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Future-proofing your career: Five vital soft skills for the future of work

Monday, March 27, 2023
People in the office working in teams of two on reskilling after the pandemic

A lot of hugely important news has understandably been buried under the emergence of COVID-19.

One such piece of news was the World Economic Forum’s announcement that the world is facing a reskilling emergency as more than one billion jobs are set to be transformed by technology by 2030.

It’s probably going to be the most monumental shift in the workforce makeup the world has seen.

We have already seen the political, economic, and social consequences of job losses due to automation across the US, especially in states which were heavily reliant on manufacturing.

This trend is likely to continue over the next decade, which makes it even more important that we take reskilling very seriously.

Those organizations and individuals that adapt and reskill can ride the tech transformation wave, where those that do not are putting their futures in the workplace at risk.

With this in mind, which skills will help future-proof you to the changes facing us?

Broadly speaking, you can think about hard skills and soft skills.

Examples of hard skills would be programming, data analysis, or speaking a language.

Soft skills are likely to overlap with general character traits and include things like leadership, organization, and creativity. They’re sometimes called interpersonal skills or people skills.

And this week we’re going to look at five of the most important soft skills you should be thinking about cultivating to thrive in the job market as it evolves over the next decade and longer.

Post-pandemic remote worker working from her living-room sitting on the couch


Adaptability will mark you out in many ways to both your current and prospective employers. The ability to easily handle constant change, whether it’s working with new teams and colleagues, new software, or in a new office, is a must in a fast-changing environment.

Adaptability means staying positive and professional, it means dealing with potentially stressful new situations with a sense perspective and good judgment.


True collaboration is more than teamwork, it’s more than getting along with your colleagues. As Professor Francesa Gino points out in this wonderful explanation of collaboration, to truly collaborate you need to practice a range of skills, including active listening, empathy, and giving and receiving specific and constructive feedback.

If you’re a natural leader you need to learn when you follow, and vice-versa, so you can collaborate in ways that lead to win-win situations. Do this and your company will notice, and you’ll be able to give specific, detailed examples of collaboration to prospective employers when the topic arises.

Emotional intelligence and cultural awareness

In her insightful article The Top Skills Companies Need Most in 2020—And How to Learn Them, Deanna (Lazzaroni) Pate at LinkedIn defined emotional intelligence as “the ability to perceive, evaluate, and respond to your own emotions and the emotions of others”.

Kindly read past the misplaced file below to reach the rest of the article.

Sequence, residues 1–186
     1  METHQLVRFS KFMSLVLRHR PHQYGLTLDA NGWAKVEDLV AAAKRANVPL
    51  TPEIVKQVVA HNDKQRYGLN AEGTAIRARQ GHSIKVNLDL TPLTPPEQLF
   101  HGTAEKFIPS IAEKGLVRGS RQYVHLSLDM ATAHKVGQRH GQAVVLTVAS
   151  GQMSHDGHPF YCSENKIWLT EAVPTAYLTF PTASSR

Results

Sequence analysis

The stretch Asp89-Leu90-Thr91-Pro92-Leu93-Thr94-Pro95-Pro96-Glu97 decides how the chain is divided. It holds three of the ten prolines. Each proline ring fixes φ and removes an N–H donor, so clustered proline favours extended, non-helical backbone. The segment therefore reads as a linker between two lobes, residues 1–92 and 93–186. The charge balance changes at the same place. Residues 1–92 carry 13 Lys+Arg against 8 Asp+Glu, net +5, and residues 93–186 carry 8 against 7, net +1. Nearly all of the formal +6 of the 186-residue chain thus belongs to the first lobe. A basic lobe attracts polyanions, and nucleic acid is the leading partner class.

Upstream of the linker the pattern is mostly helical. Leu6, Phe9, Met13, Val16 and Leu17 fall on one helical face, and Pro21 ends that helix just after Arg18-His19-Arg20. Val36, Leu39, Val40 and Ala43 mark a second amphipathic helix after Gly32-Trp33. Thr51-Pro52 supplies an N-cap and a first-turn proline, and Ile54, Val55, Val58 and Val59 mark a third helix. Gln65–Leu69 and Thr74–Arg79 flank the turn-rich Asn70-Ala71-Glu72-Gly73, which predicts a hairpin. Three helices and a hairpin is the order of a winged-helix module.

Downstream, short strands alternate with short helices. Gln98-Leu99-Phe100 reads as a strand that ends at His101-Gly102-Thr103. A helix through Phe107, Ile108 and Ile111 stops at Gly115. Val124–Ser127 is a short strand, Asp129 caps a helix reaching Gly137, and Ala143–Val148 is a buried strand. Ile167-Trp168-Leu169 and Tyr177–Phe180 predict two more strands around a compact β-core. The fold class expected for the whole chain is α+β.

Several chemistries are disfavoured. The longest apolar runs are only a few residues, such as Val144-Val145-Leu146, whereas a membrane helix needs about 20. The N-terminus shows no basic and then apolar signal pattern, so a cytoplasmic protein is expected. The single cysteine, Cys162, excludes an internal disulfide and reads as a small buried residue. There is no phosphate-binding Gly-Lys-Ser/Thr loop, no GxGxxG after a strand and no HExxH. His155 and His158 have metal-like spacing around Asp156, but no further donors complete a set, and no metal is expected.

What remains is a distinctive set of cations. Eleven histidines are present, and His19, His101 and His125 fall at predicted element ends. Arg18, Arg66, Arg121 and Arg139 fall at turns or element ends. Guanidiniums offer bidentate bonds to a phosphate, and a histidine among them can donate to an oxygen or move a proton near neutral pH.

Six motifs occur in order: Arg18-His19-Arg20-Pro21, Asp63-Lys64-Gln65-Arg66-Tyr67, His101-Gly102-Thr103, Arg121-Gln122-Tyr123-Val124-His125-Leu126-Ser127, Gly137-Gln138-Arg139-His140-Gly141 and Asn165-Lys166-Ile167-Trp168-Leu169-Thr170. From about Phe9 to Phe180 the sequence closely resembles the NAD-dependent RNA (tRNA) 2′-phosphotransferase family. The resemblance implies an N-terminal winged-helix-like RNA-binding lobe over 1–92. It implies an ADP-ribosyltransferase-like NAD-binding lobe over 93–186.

Emotional intelligence is vital to adaptability, collaboration, and a vast range of other skills key for the workplace. Being emotionally intelligent will help you with customers, in high-pressure meetings, and choosing the best way to present information to colleagues.

Closely related to emotional intelligence is cultural awareness, which is a must-have skill as the world becomes more interconnected, and working with colleagues and clients from different cultural backgrounds becomes essential to both individual and organizational success. We will talk about this more in a future blog.

A white flag saying: Explore


McKinsey describes curiosity as the engine of intentional learning and preaches about how it can be cultivated in everyone. This resonates on many levels. Curiosity is the fuel for different types of learning, many of which will be essential to staying relevant and valuable in the evolving jobs market. Building and nurturing your curiosity will put you in a strong position to ride the tech-transformation.

A growth mindset

First brought into the public view by Stanford psychologist Carol Dweck’s research, a growth mindset is a belief that - both in terms of intelligence and other capabilities - you can grow, expand, and evolve. It stands in contrast to a fixed mindset, in which you believe that intelligence and capability are essentially fixed and largely unalterable.

A growth mindset goes hand in hand with curiosity as fuel for life-longing learning and reskilling, and allows you to rebound from failure and view mistakes as part of a learning process and tools you can use to develop. Developing a growth mindset will help you give yourself space, patience, and time you need to develop new skills and take on new challenges and responsibilities.

These skills are learnable by everyone, so don’t be intimidated by the future of work

The future of work is complicated, and thinking about our relevance in it can make us anxious. But the soft skills we have talked about today are learnable by everyone, as are many others we haven’t touched upon.

And next week, as part of our month on the future of work, we will take a look at some of the hard skills you might want to invest in learning to future-proof your career.

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